About Us

Our organization was founded by the owners of Sundog Retreat Centre, however, over time the programming expanded into a dynamic, non profit organization called the Northern Cultural Expressions Society. Although our organization has undergone name changes, the mission of the organization has not changed. We remain committed to providing opportunities for young people to channel their energy to artistic expression, and business development. The programs are not restricted to Yukon First Nation students; yet, the carving instructors are primarily from Northwest Coast and Athabaskan traditions. Current and past participants have been invited to represent the Yukon in other countries and are in demand to offer their services as artists, cultural ambassadors and artistic instructors.

Powerful changes have taken place as the young artists use their new carving skills to move out of a cycle of physical abuse, emotional neglect, justice system involvement, substance abuse and multi-generational effects of residential school. Many participants have not experienced success in a traditional classroom or workplace, but demonstrate noticeable improvements in their outlook and self-esteem.

Past Carving Projects

The Carving Our Path project ran 44 weeks and supported nine young people (under 30) as they began to carve and sell their work. We have run other variations of this program since 2004. This project was funded by ServiceCanada. Each intake of youth allowed for nine participants aged 16-30 to learn carving skills, life skills and business planning/marketing skills. The program is life-changing; youth who have largely experienced failure in traditional school or work opportunities blossom under the individualized attention and their tangible artistic successes. Youth receive a weekly stipend (30 hours at minimum wage) to supplement their initial self-employment income.

The youth who have participated in our nine one-week carving training sessions through our organization in Whitehorse Yukon, and attended the downtown studio for the remainder of the year showed great progress in the development of both traditional and life skills. Youth selected for the program are referred from First Nation Employment and Training Officers and from local employment service agencies, in collaboration with other youth-serving agencies.

‘The Journey Far Project’ supported more experienced carvers of all ages. It started in October 2006 and was designed to provide 2.5 years of support to the carvers. This project is funded by Yukon Justice. It had a similar in structure to the, ‘Carving Our Path program’, with a greater emphasis on advanced carving skills development. Both programs focused on a mix of carving skill development, business and marketing skill development, and life skills/work skills development in order to facilitate successful careers as artists.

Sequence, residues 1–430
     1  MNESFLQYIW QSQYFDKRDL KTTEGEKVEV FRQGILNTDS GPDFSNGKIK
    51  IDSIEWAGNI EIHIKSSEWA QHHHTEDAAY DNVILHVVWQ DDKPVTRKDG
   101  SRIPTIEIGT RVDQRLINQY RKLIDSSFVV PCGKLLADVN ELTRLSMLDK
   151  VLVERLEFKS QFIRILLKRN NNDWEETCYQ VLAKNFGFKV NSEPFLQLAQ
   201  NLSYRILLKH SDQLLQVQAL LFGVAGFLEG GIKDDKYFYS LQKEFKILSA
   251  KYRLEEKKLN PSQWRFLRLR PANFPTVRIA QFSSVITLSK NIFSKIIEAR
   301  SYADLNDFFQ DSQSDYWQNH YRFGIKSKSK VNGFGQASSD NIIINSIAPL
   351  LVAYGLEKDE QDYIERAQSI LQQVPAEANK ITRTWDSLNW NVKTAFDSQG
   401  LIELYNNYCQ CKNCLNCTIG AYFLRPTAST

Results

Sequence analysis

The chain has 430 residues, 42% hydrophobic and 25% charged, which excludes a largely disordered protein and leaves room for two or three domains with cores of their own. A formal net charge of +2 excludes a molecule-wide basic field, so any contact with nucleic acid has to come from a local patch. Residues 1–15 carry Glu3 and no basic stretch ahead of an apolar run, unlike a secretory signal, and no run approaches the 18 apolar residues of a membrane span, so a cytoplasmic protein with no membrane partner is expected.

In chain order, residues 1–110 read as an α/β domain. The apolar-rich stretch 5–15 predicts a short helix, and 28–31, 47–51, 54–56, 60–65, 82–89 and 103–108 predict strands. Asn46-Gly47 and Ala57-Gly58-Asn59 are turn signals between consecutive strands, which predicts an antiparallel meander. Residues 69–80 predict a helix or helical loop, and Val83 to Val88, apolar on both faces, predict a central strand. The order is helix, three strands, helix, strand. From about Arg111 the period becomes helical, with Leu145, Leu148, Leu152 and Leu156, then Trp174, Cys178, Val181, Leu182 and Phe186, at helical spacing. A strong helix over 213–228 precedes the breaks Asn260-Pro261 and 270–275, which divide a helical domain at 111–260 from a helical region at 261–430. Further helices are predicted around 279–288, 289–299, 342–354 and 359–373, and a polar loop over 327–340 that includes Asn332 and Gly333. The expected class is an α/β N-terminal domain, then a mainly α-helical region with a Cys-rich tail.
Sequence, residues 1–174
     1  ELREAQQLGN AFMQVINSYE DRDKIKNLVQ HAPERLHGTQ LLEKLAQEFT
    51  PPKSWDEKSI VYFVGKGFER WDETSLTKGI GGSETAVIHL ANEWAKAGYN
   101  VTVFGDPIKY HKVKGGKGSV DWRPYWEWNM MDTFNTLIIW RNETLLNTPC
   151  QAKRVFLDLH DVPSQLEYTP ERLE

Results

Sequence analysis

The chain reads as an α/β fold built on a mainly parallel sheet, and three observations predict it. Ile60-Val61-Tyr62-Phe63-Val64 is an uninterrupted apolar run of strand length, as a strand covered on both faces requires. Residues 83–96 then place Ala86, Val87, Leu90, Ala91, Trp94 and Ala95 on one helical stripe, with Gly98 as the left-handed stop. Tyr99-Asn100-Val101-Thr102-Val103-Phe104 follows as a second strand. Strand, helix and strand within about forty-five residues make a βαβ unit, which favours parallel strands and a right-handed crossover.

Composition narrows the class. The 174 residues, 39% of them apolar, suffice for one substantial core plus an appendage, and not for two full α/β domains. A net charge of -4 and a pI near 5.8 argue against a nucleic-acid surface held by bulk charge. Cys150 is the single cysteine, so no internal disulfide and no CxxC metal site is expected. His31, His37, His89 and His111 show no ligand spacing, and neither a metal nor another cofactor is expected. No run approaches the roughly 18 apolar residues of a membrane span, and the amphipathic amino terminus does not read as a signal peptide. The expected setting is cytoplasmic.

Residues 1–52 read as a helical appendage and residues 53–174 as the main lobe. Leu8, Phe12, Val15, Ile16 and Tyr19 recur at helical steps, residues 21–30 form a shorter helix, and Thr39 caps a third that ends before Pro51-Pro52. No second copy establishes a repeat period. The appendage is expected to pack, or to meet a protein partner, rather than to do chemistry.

These programs also encouraged the artists to contribute to the wider community through various outreach initiatives

The First Nations Art Education project is currently an opportunity for emerging artists to be hired as instructors to help Yukon First Nation students in the public school system. They encourage students to build on their talents early, and stay engaged in school. Through this project, students from six schools attend the studio and are taught by more experienced carving participants. This is an exciting way to pass along skills. The outcome of this program is an increased confidence for both the instructors, and the younger students. This project began in October 2007 and is funded by First Nation Programs and Partnerships, Yukon Department of Education.

The Canoe Project involved a number of young males & females who participated in a ten-week, substance-free intensive carving program. Together, they carved a stunning traditional style canoe. This program took place on Yukon First Nation traditional territory and was generously supported by Kwanlin Dun First Nation, and a number of other Yukon agencies. Following the completion of the canoe, set sail for its initial voyage on the Yukon River. Several Yukoners were fortunate to witness this proud moment for these young First Nations men and women. The canoe has been displayed in the past at the Canada Games Centre, however, it will be permanently fixed in the Kwanlin Dun cultural centre on the Yukon River water front.


Over the past number of years, the young artists have been increasing their fine arts skills and range of artwork (masks, prints, panels, plaques, rattles, paddles, bowls, among other items). The carvers’ art has been sold locally, nationally and internationally. Beginner pieces sell in the $25-125 range, and advanced carvers sell their work for $1,000 – $5,000 depending on size and complexity of the piece.

The participants have been featured in four gallery shows at Arts Underground in Whitehorse. Individual participants have also participated in a variety of other shows and sales, and in stores and galleries in Yukon, Alaska and Vancouver.

All art sales through our organization are conducted directly with the artists. Visa/Mastercard payments accepted by the gallery, and passed in full to the artist (less the credit card charges).

Emerging Opportunities…Our Goals

  • Increasing development of the Yukon First Nation arts and culture sector.
  • A more dynamic Yukon First Nation presence on the local and national arts scene.
  • We have plans for a cultural exchange with Maori carvers in New Zealand.
  • We have plans for a Whitehorse-based series of carvings to enhance tourism experiences for visitors.
  • We hope to enhance the Yukon First Nation educational opportunities for public school students
  • We want to further the positive role modelling and cultural opportunities for Yukon First Nation youth